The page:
“Positively, I ended up being on a list of protests for the Super Bowl. Coordinated protests that included transit, US Bank Stadium, others. They picked two elected officials: Mayor Frey and me. So I had a very large group of folks come to my house and protest. There were a lot of the students and so I reached out and said, ‘you didn’t reach out to me so try calling,’ and they reached out and we sat down and had a conversation at Dunn Bros. on Friday,” said Gagnon. According to Gagnon, the original protest pertained to MPS usage of the School Resource Officer program. Currently MPS has a three-year contract with Minneapolis Police Department SRO program that can be renegotiated each year.

Gagnon said she attended the Friday meeting and then worked with the students – junior high and high schoolers – to author a proposed resolution related to the SRO program and other school climate issues. According to MPS protocol, to bring the new item to the meeting, Gagnon needed support from two other committee members. She shared the resolution with Felder and Jourdain, who offered their support. However, during the committee, tension arose when others asked why they had not had time to also see the proffered resolution. According to Gagnon, she had shared the resolution with the Chair and others as required, but had not sent it out to other directors, lest discussion occur violating Open Discussion Law.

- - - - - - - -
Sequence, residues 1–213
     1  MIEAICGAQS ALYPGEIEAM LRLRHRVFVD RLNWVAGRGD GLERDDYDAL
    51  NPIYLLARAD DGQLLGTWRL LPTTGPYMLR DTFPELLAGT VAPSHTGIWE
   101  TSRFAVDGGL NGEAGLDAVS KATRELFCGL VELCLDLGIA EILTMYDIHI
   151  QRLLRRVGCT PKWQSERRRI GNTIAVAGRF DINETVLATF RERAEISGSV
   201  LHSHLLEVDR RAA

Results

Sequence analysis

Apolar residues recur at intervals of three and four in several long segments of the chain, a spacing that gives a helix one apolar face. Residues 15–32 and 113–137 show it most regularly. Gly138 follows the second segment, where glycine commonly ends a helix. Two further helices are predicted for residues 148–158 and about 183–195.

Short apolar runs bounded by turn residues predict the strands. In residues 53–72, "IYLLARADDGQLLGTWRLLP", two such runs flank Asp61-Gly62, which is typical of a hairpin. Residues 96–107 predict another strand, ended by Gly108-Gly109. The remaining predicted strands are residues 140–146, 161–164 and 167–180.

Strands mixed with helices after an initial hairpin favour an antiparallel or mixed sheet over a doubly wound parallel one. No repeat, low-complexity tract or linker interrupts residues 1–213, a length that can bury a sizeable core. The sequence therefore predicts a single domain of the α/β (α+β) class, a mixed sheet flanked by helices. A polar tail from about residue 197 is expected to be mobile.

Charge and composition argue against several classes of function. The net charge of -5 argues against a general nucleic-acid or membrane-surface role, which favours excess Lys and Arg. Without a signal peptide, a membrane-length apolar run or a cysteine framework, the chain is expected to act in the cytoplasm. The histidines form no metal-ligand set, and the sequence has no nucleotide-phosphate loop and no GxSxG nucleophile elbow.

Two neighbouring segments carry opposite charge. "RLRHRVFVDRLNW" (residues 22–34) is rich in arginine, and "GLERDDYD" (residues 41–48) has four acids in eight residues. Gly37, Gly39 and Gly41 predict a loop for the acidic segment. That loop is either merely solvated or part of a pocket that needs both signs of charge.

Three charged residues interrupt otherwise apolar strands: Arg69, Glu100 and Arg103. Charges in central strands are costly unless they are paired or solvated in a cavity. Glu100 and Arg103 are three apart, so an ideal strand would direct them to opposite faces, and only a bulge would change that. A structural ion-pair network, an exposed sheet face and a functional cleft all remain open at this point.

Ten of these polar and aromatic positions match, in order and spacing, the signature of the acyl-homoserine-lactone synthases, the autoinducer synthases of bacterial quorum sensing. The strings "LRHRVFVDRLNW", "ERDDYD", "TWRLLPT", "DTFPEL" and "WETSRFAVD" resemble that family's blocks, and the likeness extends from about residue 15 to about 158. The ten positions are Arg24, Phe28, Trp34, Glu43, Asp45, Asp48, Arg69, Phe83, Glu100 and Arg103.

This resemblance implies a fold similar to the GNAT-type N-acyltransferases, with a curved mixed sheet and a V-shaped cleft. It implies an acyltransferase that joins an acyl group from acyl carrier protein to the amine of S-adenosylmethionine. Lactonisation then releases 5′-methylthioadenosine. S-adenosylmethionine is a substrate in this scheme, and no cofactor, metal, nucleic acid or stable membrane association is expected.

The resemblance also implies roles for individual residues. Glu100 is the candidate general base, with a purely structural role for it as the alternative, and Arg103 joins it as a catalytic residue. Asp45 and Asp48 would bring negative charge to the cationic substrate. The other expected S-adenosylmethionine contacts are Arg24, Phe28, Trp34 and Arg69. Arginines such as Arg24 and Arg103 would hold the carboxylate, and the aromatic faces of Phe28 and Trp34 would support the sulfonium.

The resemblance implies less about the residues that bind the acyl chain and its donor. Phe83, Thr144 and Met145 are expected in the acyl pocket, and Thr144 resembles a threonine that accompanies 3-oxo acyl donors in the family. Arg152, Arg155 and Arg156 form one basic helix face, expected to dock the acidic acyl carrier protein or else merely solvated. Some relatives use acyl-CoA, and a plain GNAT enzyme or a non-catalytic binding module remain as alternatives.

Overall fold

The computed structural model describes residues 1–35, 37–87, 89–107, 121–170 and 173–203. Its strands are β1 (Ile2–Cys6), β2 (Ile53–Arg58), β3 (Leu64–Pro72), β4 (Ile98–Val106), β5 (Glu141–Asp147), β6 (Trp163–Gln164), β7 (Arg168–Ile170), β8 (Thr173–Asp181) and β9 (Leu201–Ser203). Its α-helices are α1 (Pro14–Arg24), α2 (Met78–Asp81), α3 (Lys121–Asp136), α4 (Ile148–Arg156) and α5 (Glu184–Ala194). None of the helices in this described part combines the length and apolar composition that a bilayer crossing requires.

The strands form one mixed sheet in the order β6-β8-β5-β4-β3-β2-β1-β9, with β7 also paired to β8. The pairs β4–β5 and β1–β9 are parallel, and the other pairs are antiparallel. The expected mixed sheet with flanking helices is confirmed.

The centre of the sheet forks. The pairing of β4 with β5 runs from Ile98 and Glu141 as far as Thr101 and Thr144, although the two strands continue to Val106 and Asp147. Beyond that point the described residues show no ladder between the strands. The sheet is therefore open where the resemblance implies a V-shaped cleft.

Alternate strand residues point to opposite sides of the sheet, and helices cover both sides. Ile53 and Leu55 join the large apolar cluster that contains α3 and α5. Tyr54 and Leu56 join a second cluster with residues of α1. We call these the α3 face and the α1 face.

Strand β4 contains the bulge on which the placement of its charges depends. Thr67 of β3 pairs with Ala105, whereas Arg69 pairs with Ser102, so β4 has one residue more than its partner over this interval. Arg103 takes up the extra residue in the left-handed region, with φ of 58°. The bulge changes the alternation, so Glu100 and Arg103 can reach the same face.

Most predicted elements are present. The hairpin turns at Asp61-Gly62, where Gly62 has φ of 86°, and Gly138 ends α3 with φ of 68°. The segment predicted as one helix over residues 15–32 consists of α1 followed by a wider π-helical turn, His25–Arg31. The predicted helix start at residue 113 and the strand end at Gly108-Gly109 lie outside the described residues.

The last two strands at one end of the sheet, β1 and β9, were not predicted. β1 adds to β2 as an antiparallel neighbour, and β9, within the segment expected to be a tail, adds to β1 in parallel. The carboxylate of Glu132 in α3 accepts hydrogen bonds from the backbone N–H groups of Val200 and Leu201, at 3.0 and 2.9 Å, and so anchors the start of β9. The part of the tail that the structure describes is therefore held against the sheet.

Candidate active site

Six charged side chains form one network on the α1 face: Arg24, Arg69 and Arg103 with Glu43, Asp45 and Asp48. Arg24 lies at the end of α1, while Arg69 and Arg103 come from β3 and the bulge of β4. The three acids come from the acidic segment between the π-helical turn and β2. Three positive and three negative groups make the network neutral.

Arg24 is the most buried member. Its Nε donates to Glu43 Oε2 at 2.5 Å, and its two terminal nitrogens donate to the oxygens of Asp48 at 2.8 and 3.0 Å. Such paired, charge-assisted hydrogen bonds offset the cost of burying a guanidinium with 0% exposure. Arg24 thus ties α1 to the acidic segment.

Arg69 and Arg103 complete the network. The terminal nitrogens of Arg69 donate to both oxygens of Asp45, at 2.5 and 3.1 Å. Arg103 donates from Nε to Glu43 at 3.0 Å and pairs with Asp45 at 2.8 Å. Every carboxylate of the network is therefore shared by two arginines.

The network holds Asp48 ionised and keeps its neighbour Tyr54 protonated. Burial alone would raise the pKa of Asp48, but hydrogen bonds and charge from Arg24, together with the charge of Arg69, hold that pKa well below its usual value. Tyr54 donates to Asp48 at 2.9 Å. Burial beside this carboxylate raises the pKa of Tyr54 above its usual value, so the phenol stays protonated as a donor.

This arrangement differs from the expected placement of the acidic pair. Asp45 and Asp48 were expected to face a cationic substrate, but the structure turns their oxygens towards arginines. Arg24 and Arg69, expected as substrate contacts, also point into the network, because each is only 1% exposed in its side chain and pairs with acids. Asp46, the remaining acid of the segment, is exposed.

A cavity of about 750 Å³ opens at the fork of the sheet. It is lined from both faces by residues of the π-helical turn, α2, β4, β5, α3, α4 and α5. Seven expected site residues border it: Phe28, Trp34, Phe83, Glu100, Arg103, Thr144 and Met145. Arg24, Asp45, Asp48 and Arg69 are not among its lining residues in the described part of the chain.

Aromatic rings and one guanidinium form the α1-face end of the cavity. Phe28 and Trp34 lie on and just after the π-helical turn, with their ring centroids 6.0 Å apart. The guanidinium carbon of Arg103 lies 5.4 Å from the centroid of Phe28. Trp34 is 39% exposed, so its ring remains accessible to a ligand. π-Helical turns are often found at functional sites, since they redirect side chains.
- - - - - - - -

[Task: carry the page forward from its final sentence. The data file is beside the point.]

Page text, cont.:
The resolution was briefly discussed during the “New Business” portion of the meeting and will be discussed more thoroughly at the next MPS Board meeting on March 13.

The proposed resolution asks MPS to fully support and fund restorative justice practices, to allow students to help MPS identify funding priorities and research alternatives to the SRO program, and to hold an open meeting with students before the end of the 2017/2028 school year in order to discuss and impact decisions made for the 2018/2019 school year.

“They were stoked about the resolution and I was so proud of them because it is very constructive. It acknowledges the deficit, it acknowledges other issues, and it acknowledges that there is another committee, and they value that work,” said Gagnon, “They came to me and said “this is how we want to be heard and I was just not going to muck with that.”


Kenzie O'Keefe